A Wednesday for Reflection
Updated: 7 days ago
For this week's Wednesday Words, RICJ's Executive Director Toby Ayers wrote about reflection — how it can inform and energize, and how it can lead to meaningful action.
Wednesday by its very nature (stuck in the dead-center of the week) falls between what has been and what is yet to be… a blink of an eye between past and future.
This Wednesday feels like a day for reflection: on the protests erupting across our nation in response to the killing of George Floyd and so many others, the racism inherent in our systems and institutions, the paths to a better future. Today I participated in a training that laid bare how racial disparities cross all systems – education, housing, justice, economics and just plain everyday living – and have done so continuously throughout the 400 years of our country’s existence. That education is necessary preparation for what happens in the next days, weeks, years. If Wednesday is a day to gather strength for action, awareness is essential to understand how our institutions, structures and systems have not worked and what might be built in their place.
I myself have few definitive answers, but I take from what I am learning several lessons for a better future:
Talking matters. Listening matters even more. Listening can be uncomfortable for folks like me. Yet why would I expect learning and growth to be easy; racism certainly isn’t. I hear in the voices of the youth we work with the sheer trauma of racism past-and-present. In conversations, I must listen harder, embrace discomfort, and work to fully understand what is needed to help create an antiracist future.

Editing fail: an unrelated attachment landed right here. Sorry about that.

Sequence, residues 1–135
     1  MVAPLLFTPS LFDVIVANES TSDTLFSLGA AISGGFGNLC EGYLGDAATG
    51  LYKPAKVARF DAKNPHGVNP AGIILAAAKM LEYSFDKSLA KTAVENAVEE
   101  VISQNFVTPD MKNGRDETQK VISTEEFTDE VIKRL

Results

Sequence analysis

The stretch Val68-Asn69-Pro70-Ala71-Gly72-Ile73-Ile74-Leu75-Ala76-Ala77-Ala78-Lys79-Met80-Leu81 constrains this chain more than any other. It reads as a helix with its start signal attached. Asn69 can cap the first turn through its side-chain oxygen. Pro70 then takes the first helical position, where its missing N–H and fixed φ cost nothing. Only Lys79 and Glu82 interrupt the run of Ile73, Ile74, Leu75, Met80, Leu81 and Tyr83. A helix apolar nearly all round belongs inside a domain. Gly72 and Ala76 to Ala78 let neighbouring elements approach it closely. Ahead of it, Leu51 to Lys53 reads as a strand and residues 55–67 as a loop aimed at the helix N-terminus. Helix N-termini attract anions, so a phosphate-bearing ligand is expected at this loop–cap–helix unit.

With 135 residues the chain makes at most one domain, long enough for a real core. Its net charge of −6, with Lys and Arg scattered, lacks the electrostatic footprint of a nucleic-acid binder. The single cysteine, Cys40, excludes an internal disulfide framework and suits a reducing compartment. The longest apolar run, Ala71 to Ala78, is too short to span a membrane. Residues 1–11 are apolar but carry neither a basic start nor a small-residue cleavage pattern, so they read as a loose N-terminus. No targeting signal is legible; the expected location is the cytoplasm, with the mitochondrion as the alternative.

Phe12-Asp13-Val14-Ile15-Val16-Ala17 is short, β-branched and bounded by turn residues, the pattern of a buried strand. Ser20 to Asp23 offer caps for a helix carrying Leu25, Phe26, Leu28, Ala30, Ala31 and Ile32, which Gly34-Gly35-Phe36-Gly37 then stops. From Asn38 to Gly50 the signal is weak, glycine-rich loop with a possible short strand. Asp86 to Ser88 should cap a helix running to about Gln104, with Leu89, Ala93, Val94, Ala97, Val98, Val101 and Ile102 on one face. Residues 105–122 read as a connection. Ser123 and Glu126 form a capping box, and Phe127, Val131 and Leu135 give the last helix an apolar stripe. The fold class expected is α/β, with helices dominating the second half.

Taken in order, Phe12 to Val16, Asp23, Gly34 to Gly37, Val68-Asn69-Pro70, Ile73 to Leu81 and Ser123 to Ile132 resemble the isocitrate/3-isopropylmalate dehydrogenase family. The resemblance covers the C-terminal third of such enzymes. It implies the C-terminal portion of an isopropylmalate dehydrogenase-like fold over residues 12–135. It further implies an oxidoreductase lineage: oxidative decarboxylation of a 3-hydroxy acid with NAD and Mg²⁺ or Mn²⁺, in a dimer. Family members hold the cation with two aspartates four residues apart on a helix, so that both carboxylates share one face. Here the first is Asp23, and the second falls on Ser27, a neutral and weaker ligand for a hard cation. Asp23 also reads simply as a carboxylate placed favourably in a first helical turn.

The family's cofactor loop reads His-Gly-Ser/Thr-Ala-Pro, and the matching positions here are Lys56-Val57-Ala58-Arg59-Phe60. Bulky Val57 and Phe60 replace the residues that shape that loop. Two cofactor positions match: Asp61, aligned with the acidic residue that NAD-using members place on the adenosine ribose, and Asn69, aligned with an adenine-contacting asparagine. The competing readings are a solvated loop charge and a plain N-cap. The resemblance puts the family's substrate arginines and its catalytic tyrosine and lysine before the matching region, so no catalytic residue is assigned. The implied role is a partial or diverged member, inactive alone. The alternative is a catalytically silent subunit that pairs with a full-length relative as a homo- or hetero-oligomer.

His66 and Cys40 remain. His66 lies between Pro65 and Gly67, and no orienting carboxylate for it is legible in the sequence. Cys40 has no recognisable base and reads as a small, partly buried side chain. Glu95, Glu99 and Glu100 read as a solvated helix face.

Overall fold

Trust matters. Communities, villages, families, partnerships, everything depends on trust. Trust is faith in others, in the possibility of change, and a belief in a future together. Bryan Stevenson of the Equal Justice Institute talks of maintaining Hope in the midst of brutal facts: “Truth crushed to earth ultimately rises again.” Dr. Ibram X. Kendi has said, “You have to believe change is possible to bring it about.”
And love matters. In an interview this week about his new Center for Antiracist Research at Boston University, Dr. Kendi said: “What drives me is love. Love is a verb; it is action; and anti-racism is action…. I want the joy of human creation to flower, not the misery of bigotry and racism.”
An African proverb says, “The sun does not forget a village just because it is small.” That’s a lesson for Rhode Island. On a small scale, our state already has innovative (and under-resourced) community-based programs and structures that can be built upon and supported, to create a future that feels more like a village than a bureaucratic system (these programs and structures include networks of agencies/nonprofits, juvenile hearing boards, BH Link and neighborhood associations, among others).
Trust, belief, hope and love. Listening, dialogue and action. On this Wednesday, in the middle of the week, between the agony of the past and an uncertain future, those are words to remember.